3. 4 out of 5

    Aimal (Bookshelves & Paperbacks)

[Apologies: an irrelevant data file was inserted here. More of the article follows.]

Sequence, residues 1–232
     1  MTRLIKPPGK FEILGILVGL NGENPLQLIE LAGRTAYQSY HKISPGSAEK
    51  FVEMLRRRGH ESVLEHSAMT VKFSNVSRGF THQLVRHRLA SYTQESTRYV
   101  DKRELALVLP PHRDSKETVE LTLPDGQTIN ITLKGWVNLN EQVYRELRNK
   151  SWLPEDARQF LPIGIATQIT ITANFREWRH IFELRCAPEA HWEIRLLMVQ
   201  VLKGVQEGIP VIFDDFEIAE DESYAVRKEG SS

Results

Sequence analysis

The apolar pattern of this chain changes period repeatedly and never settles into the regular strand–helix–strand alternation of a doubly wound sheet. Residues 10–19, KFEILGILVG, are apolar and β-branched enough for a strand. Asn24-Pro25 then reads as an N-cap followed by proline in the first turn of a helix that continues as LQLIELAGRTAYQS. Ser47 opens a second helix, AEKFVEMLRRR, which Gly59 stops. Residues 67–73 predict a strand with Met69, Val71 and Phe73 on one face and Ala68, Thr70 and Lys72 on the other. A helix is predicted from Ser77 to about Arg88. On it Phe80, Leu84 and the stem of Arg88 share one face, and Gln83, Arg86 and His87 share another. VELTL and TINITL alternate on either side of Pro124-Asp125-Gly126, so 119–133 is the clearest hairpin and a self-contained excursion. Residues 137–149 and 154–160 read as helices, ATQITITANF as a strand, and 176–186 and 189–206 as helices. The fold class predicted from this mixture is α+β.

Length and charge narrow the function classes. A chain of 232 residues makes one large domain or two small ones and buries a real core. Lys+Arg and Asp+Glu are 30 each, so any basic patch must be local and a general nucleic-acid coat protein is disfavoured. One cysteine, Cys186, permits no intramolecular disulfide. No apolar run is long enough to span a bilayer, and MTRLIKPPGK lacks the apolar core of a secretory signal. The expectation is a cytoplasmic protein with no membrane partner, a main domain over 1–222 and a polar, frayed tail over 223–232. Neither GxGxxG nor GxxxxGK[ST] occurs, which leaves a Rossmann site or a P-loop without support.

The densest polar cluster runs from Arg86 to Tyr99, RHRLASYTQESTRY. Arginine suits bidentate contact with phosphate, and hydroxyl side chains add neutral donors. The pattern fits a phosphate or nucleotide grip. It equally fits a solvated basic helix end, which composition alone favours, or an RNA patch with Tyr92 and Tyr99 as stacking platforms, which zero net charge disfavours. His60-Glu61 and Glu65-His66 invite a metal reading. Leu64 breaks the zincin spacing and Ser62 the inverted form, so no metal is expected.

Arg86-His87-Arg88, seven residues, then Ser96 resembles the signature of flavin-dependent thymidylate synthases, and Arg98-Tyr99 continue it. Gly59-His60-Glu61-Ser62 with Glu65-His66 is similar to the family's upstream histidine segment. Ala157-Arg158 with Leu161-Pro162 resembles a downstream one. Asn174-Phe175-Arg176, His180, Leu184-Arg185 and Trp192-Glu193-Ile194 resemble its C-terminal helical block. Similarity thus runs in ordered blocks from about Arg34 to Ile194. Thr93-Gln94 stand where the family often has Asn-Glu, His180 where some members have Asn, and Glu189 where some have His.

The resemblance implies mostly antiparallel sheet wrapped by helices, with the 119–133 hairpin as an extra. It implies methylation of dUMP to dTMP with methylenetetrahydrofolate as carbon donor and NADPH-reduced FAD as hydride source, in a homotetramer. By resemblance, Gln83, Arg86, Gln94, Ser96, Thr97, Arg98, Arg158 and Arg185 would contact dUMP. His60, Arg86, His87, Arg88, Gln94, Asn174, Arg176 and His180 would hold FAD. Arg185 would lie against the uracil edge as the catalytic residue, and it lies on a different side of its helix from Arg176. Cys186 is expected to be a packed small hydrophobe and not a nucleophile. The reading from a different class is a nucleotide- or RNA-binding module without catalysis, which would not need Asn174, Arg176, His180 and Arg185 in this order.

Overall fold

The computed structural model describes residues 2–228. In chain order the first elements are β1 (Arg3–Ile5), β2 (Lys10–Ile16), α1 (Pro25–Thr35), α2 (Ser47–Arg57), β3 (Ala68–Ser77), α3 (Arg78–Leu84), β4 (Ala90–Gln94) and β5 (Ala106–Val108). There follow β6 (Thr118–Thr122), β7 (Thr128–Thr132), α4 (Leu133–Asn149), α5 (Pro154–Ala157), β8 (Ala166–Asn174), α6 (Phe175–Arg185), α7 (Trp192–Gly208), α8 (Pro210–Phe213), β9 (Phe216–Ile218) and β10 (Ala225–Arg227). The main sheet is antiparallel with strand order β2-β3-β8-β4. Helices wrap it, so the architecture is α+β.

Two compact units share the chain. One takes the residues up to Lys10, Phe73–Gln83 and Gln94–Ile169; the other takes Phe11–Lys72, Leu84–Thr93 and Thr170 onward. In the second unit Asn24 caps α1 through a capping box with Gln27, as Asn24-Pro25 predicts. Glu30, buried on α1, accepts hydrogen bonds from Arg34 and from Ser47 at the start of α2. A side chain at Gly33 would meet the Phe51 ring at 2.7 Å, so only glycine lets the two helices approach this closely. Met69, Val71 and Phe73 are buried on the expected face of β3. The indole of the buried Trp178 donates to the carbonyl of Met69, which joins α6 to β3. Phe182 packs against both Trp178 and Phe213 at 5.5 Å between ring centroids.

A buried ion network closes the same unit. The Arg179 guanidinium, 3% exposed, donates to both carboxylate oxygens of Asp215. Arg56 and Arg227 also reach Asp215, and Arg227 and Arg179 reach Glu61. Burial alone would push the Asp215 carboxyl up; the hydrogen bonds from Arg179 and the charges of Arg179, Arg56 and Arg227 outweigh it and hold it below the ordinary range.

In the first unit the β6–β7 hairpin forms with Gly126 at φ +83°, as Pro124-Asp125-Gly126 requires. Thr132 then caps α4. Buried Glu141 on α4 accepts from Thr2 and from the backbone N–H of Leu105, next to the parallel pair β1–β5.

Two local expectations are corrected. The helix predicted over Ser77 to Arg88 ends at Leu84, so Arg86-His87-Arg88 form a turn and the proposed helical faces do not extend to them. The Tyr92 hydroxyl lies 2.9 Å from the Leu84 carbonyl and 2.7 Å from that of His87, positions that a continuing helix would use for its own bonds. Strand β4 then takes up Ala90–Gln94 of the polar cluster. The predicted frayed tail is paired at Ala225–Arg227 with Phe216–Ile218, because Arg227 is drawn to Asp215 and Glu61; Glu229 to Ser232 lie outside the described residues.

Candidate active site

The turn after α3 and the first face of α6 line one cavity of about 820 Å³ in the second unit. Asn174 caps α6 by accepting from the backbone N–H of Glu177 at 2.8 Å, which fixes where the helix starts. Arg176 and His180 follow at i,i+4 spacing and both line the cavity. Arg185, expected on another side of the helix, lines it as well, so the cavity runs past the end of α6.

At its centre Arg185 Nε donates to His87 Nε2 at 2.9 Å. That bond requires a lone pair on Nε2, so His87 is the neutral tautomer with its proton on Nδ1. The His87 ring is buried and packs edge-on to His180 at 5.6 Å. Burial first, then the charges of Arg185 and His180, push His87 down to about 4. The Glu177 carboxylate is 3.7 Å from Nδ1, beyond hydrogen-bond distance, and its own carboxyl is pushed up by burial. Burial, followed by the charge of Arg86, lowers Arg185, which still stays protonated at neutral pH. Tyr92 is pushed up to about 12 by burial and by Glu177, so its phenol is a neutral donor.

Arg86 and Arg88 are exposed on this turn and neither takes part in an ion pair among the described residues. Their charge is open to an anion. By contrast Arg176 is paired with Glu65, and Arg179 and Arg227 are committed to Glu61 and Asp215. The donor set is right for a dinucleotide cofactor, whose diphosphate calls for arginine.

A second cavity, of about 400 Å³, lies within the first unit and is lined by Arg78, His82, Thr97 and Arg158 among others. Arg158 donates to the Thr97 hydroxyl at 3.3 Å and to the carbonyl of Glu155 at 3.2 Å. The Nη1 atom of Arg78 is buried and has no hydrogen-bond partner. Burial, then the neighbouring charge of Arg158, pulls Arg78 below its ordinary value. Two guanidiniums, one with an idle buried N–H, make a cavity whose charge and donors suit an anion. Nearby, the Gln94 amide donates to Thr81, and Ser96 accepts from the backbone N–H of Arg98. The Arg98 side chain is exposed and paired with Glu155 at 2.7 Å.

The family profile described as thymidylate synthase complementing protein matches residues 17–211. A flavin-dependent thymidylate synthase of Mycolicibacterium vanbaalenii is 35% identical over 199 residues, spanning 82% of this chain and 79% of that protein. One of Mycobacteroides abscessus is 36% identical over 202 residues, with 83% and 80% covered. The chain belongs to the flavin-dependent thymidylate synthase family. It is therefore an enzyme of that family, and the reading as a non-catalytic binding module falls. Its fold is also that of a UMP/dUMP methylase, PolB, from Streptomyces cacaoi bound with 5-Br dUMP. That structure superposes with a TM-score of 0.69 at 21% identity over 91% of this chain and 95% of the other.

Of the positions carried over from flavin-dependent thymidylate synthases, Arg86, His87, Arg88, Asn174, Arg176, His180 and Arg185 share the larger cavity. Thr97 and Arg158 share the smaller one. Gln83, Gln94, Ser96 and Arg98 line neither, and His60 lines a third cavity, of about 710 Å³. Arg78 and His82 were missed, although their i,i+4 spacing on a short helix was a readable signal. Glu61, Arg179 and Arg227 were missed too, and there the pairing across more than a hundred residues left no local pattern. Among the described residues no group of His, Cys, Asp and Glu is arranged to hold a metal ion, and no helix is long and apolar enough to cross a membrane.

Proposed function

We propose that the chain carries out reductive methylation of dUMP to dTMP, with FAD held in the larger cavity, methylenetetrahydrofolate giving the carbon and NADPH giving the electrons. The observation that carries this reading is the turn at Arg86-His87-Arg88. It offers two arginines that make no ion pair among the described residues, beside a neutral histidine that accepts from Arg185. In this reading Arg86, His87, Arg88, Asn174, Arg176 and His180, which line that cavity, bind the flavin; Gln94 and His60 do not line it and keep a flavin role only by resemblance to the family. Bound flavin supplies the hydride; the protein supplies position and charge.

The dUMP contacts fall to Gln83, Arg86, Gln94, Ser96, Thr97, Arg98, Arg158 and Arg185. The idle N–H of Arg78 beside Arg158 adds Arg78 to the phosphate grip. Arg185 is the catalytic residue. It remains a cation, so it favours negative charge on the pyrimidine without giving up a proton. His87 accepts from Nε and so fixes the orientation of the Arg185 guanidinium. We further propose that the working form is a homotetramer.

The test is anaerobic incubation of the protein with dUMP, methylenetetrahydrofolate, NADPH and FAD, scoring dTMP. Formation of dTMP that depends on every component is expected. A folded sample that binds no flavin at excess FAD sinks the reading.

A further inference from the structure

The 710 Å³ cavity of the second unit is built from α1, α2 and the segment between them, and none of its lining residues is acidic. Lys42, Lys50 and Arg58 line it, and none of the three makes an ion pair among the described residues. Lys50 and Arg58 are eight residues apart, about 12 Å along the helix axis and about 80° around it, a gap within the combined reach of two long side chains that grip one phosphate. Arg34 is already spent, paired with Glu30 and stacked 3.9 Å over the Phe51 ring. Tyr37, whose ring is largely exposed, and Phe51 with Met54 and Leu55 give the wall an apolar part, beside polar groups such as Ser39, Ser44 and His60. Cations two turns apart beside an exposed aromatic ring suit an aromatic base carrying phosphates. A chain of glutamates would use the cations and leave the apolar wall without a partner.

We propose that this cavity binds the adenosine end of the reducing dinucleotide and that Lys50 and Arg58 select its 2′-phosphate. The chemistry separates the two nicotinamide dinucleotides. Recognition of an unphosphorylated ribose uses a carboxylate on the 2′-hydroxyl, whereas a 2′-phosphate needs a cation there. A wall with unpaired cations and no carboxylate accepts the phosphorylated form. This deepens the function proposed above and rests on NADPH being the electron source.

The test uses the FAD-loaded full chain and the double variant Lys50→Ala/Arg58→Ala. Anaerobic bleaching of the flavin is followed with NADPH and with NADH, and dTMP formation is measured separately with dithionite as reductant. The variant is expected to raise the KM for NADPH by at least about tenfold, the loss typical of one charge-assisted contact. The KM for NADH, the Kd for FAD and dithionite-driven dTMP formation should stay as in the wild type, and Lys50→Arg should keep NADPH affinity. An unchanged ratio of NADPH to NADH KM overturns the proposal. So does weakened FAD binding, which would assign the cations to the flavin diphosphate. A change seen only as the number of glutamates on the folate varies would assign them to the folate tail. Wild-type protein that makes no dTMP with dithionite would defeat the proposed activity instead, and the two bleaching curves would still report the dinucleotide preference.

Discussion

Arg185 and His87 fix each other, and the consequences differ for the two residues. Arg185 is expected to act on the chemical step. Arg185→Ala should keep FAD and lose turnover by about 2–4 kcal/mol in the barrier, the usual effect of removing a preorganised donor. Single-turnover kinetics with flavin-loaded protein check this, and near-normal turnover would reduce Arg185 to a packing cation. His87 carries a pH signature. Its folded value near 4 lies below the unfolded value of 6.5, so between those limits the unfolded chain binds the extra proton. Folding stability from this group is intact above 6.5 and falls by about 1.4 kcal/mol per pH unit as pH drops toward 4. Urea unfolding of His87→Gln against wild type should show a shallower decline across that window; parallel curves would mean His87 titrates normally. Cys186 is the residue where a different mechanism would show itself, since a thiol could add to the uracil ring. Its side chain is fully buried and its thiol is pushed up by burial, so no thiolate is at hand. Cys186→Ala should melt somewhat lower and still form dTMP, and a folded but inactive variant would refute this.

Please note this review contains spoilers for the first book in the series. A big thank you to Harper Voyager for sending me a copy for review! The sequel to S. A. Chakraborty’s magnificent The City of Brass largely takes place five years after the events of the first book. There’s a prologue at the beginning, detailing the immediate aftermath for each of our three main characters. However, the major bulk of the novel takes place several years after Darayavahoush’s ‘death,’ Alizaydi al Qahtani’s p Please note this review contains spoilers for the first book in the series. A big thank you to Harper Voyager for sending me a copy for review! The sequel to S. A. Chakraborty’s magnificent The City of Brass largely takes place five years after the events of the first book. There’s a prologue at the beginning, detailing the immediate aftermath for each of our three main characters. However, the major bulk of the novel takes place several years after Darayavahoush’s ‘death,’ Alizaydi al Qahtani’s possession by the marid and subsequent exile, and Nahri’s political arranged marriage to the crowned prince of Daevabad. In The Kingdom of Copper, we witness each of these characters embark on a journey quite unlike anything they’ve ever experienced before. Nahri finds herself surrounded with strangers, her previous allies (Ali and Dara) nowhere to be found. For five years, she must navigate royal life and the palace alone. Although her relationship with her husband Muntadhir is cordial, Nahri nevertheless feels utterly alone. With nobody but her mentor by her side, she continues to practice healing as best as she can. Alizayd al Qahtani builds for himself a life in exile in the barren lands of Bir Nabat. With his newfound abilities with water, Ali can play an especially useful role in the sustenance of his new home. He forms new alliances, new friendships, and has become comfortable in this new-found life. Darayavahoush has been brought back to life by Manizheh, much to his dismay, in a physical form that he is enraged by. Manizheh is laying down plans to take back Daevabad, and restore the Daeva tribe to its original glory with the Nahids at its head. Dara reverts back to his old role as a dutiful warrior, and is forced to face his past while making decisions about his future. The City of Brass is a sweeping epic fantasy, chock-full of djinn and mythical creatures, lavish world-building, political intrigue, a romance fraught with tension, and characters you will grow deeply attached to. What The City of Brass did best, believe it or not, this sequel does even better. The world-building is switched up two notches, as we get to see more characters (albeit minor ones) from other tribes. Scenes such as feasts and festivals allow the reader to see short, but detailed, glimpses of these other tribes’ cultures and customs, while more minor characters are introduced that are not from the Daeva or Geziri tribes. We encountered some mythical creatures, such as rivers that turn into serpents, and winged reptiles, but we see even more. There is far more magic in this book than there was in the first one, including elemental magic at the hands of Ali, and Nahri’s strange bond with the Nahid palace, as well as Dara’s new physical form. The history of Daevabad and its tribes is further expanded upon. The enhancement in the already complex world-building makes the reading experience lush and captivating. One of this series’s absolute defining points is its foundational emphasis on politics. Daevabad is a ‘melting pot’ of a city, but it far from embraces the diversity within its walls. The shafit (half-djinn, half-human) are brutally oppressed, and the royal family’s bloody history with the Daeva tribe doesn’t help, either. There are prejudices among the different tribes towards each other that have lasted centuries. The tension between all these factions has always existed in this story, but while it simmers and bubbles in the first book, this tension transforms and explodes into true action in The Kingdom of Copper. With scheming, shady tactics, stubborn royals, rebellious princes, and Nahri determined to bring peace in the middle, the politics is taken to entirely new levels. It’s dangerous. Exciting, yet often disturbing in its sheer realness. In fact, what makes this sequel so exciting is just how different it is from the first book without ever straying too far from its foundation. It never rambles or subverts from the main plot of the series, but despite this, it seems entirely new, especially with regards to its characters. For example: in the first book, Nahri is very dependent on Dara, as he is her Afshin, someone who she knows and trusts in a sea of strangers. Her character was inexplicably tied to his, almost as if they were a package-deal. Their bond seemed so vital to the first story that its physical absence in The Kingdom of Copper made me wary – but I need not have been. It felt new, seeing them in such separate places to the point where Nahri doesn’t even know he’s alive for 90% of the book, but you could still sense their deep regard of each other throughout. Dara and Nahri don’t interact in this book until much later on, and this may discourage readers, but I think this decision allowed both characters to become their own people. Separating these two also allowed for more character development than could have been possible if they had remained a package-deal. The book also felt new, because it was a lot less Nahri-centric than the first book. Chakraborty allows her other characters’ arcs and development to take center stage. Ali’s inner struggle with his possession by the marid, his own moral and religious values clashing with his duties to his family are fully fleshed out in this book. His warring loyalties and him coming to terms with what he ultimately values breathes new life into an already multi-dimensional, nuanced character, and I came to appreciate him ten-fold in this book. Dara’s narrative is especially fascinating, because we haven’t seen his perspective before. In this new time in his life, Dara is forced into a position in the narrative where he has to make a choice between his duty and wanting peace. Where the burden of his history and having to repeat his history is placed upon his shoulders. It’s hard to watch a character you love make bad decisions, but it makes narrative sense. And the complexity of these characters’ decisions and your constant “You’re doing the wrong thing, but I don’t want to see you get hurt either” is what makes this story so compelling. The side characters, such as Ali’s siblings (Muntadhir and Zaynab) and Jamshid are given more time to shine, too. Their characters have their own internal and external conflicts. Ali’s relationship with Muntadhir has pretty much disintegrated, and seeing them fight as brothers – be cruel and petty and hurtful – was so exciting. We all know and love the main trio, but what makes this sequel soar above its predecessor is how much you learn to love these side characters too. The antagonists in Manizheh and Ghassan were also incredible to watch, where they both have horrifying and redeeming qualities. It almost reminds me of Game of Thrones in its complexity. There are two awful people leading opposite sides of the conflict; so who do you root for? It puts the reader in a strange position where you’re rooting for people on both sides of the conflict, and you see two characters you love at each others’ throats, willing to do horrible things to each other. I’m incredibly excited for the third book, albeit dreading it because it means it’ll be an end to a series I have grown to love and cherish. The truth is, I could talk forever about why I love this series, these characters and this world, and it’s hard for me to stop at a suitable place. But all I can say is that this series is a gem, and it could make its place on the shelf of fantasy greats if people gave it the chance. I’m so glad I gave it this chance; it’s been the best reading decision I’ve made in years. Connect with me elsewhere: Bloglovin' ☽ Twitter ☽ Instagram ☽ Tumblr ☽ Facebook